State presses insurers to waive inventory requirement for North Bay fire victims

State Insurance Commissioner Dave Jones on Thursday urged insurance companies to provide North Bay fire victims up to 100 percent of their personal property coverage limits without requiring them to fill out a detailed inventory.
Jones’ notice came as an increasing number of local fire victims have appealed to their carriers to ease the inventory requirement, arguing they have been overwhelmed with the time-consuming task — which can take more than 40 hours to complete — while also juggling to rebuild their lives after the costliest wildfire in American history.
Insurers in October adhered to a voluntary agreement with the state Insurance Department by advancing at least 25 percent of their personal property coverage without itemization for fire victims. But Jones is urging them to go beyond that and quickly settle and fully pay claims for items ranging from computers to clothes to furniture.

“D)ue to the large scale of these wildfires, many insureds are overwhelmed with the tasks of dealing with housing issues and family issues and construction issues and other major adverse changes in their daily lives,” Jones wrote to insurers.
“The Department has received numerous complaints from insureds about the monumental task of attempting to identify every item of personal property they may have amassed over years or decades in order to collect replacement cost,” the letter added.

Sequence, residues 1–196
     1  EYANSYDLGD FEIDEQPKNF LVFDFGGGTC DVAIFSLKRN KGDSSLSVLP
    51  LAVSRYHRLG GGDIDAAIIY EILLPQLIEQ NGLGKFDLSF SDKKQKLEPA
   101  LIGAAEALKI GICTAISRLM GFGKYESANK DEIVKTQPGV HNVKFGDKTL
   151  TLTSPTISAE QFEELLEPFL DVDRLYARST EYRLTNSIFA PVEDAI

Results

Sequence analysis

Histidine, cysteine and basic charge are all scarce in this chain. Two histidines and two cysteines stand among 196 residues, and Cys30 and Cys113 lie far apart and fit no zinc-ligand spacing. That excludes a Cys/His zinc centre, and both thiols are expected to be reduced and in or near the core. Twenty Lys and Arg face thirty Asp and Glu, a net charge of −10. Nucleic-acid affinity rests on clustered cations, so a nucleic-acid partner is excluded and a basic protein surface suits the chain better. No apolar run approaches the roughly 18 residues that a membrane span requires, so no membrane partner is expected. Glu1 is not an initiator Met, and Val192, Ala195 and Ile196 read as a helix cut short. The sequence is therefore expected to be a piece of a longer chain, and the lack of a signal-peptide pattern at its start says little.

Jones has asked insurers to reply by Jan. 8 whether they will comply with his request.
Policyholders have filed 14,686 residential property claims in Sonoma County, resulting in almost $7 billion in damages, according to data the department released earlier this month. Of that total, there were 4,785 residences completely destroyed in the fires. Insurance companies have paid out almost $2.4 billion so far.
Jones’ notice comes as word spread among fire victims within the last week that one carrier — CSAA Insurance Group — was paying up to 100 percent of policy claims up to each policyholder’s limit for personal property without a fully itemized list.
Matt Quan, a leader for a group of fire victims covered by CSAA, said in an interview he heard from at least 30 fellow policyholders that they were fully paid out in an expedited manner without filling out a detailed inventory.
Those policyholders told him they were paid without CSAA taking any depreciation off the value of the items lost.
Carriers typically pay out only the depreciated value of the items first, and later pay the remaining difference for the replacement cost once they receive paid receipts for the new products.
One CSAA policyholder, who asked not be identified, said he got a 100 percent payout last week for his personal property destroyed in the fire without having to file any itemization. The man said he only had to file a sworn statement that he did not falsify his claim.
In a statement, CSAA said there has been no policy change on how it handles personal property claims.
It did acknowledge, however, “there was some miscommunication” that might have led some of its policyholders to think there had been a policy change, and it was working “directly with our customers to clear up any confusion.”